There is a reason I still refuse to call the CPC Tories, and especially refuse to call Harper a Tory, because he and they clearly are not. Tories valued our processes of government, Harper does not. Tories recognized that there is such a thing as good government and government being a positive value and element in Canadian society, even in the economic sphere, Harper and his party clearly does not. Harper has deliberately worked to undermine the legitimacy of Canadian political processes at every chance he has had from electoral, to legislative to judicial, such as what you noted about the judicial appointments review process, and that was one of his lesser ones, although it was one of the more far reaching and damaging to making sure we had a profession ethics first driven judiciary. We have in Harper a Prime Minister that not only is power mad, he is also driven to use that power to corrupt and destroy as much of the process system that took 146 years to create, which is what makes him such a threat to Canada and Canadian s across the political spectrum. Ironically enough many of those that will in the end be most victimized by his actions are those on the right/conservatives who actually value the idea of fundamentally conserving our history and heritage within our political system.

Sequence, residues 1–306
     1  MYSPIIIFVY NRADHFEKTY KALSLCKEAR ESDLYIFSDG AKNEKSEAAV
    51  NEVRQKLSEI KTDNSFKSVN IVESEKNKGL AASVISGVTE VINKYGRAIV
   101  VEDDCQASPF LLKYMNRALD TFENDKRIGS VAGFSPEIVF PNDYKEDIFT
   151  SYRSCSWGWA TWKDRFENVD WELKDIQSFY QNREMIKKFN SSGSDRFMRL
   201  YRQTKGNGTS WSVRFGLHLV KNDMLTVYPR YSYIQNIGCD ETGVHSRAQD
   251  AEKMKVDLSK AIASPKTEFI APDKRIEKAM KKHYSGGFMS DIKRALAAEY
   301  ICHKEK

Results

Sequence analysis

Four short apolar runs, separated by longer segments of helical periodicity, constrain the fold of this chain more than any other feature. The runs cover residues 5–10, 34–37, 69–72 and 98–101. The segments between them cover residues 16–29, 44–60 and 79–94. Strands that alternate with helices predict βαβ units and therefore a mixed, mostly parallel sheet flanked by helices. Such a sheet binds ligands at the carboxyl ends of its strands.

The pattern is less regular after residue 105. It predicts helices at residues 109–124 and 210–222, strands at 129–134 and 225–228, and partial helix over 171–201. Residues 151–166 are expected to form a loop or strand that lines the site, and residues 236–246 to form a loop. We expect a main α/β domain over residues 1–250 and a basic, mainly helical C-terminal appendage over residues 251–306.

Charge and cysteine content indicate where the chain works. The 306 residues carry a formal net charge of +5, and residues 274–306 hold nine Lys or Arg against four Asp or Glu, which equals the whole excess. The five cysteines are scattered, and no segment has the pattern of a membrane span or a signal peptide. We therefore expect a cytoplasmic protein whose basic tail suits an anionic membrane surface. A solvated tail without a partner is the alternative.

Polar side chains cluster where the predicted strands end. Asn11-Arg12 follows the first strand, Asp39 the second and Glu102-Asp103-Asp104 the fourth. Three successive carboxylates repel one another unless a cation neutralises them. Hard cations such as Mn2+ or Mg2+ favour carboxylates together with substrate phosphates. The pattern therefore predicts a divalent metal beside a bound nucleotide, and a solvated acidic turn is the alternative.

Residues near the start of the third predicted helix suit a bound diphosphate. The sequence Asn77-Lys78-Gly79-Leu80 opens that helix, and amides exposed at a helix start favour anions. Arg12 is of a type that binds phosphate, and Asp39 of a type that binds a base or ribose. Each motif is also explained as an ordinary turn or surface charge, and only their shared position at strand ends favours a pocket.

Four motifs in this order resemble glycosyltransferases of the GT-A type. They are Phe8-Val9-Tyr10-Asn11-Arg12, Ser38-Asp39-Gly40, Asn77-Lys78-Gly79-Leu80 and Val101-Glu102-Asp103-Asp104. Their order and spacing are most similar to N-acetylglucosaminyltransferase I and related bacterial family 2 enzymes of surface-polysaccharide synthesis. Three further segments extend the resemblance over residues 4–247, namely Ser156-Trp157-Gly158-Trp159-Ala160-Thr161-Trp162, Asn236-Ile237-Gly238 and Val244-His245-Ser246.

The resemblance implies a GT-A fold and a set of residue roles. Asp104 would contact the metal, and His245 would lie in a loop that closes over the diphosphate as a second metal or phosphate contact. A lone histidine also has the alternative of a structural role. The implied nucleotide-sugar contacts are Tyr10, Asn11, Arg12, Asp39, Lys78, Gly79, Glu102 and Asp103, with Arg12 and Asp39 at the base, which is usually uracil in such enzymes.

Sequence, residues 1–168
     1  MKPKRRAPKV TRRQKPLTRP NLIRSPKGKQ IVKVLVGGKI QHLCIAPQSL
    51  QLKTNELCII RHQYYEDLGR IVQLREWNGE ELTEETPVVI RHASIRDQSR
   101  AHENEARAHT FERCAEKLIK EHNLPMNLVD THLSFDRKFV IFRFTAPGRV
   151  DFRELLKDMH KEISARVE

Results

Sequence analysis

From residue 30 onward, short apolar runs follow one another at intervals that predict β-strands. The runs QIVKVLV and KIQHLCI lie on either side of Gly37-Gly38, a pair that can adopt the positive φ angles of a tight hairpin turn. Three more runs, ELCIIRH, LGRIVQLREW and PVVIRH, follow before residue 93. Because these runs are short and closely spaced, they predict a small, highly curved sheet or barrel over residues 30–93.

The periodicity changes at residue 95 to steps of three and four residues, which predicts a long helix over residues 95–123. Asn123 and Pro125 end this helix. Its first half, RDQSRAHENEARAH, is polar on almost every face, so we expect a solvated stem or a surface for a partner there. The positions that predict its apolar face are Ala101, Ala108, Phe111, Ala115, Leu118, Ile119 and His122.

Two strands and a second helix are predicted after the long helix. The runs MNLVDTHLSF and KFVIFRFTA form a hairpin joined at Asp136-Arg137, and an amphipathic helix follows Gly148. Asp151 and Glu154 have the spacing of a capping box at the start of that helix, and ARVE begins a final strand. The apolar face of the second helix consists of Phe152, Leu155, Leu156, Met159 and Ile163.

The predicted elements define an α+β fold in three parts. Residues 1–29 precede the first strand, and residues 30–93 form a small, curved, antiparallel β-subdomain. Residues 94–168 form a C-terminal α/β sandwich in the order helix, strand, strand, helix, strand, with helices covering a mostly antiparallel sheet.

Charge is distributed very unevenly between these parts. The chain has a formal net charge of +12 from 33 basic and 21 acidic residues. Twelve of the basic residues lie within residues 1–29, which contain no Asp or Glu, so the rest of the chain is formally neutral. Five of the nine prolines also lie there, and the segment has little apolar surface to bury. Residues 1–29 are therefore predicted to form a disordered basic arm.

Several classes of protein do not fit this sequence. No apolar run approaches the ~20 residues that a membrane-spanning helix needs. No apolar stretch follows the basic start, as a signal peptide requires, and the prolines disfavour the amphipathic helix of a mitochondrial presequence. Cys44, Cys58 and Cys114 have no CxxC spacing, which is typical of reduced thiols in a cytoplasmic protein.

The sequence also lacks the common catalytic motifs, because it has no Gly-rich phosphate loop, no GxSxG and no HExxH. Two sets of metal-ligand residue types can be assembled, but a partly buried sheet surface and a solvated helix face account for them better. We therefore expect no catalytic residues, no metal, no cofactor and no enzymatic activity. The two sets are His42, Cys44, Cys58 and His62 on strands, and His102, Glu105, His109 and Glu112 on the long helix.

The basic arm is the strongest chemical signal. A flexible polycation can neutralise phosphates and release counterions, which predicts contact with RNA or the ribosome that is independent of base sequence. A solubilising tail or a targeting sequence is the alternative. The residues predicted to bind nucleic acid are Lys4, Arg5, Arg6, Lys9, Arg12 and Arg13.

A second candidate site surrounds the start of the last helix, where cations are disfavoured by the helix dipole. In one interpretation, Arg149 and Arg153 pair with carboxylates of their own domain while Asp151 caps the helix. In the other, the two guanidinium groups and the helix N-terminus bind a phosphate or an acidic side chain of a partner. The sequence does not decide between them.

As you well know Gayle I could go on and on about this. I know you remember how I spent years in vain trying to get across that Harpers true hidden agenda and danger was not ideological, not religious, it was process rooted, and that it would be there that he would do his most severe damage to this nation and the citizenry beyond anything mere partisanship could ever manage. Canadians have taken for granted that the processes that gave them such a peaceful healthy political environment that they could afford to be utterly ignorant of it without fear, that it would stay the same and could not be easily changed without it being obvious. Well, when we were dealing with leaders and politicians who were motivated by good faith belief in the underlying system of government whatever their political agendas that was true, but our system was alas almost totally unprotected against someone of bad faith who would want to damage and destroy it. One of Canada and Canadians biggest weaknesses was our belief in the fundamental decency and honour of even our politicians, well Harper has taken that and rode it into power to do that which no one aside from a tiny few percentage of Canadians would ever want to see whatever the political beliefs/place on the spectrum.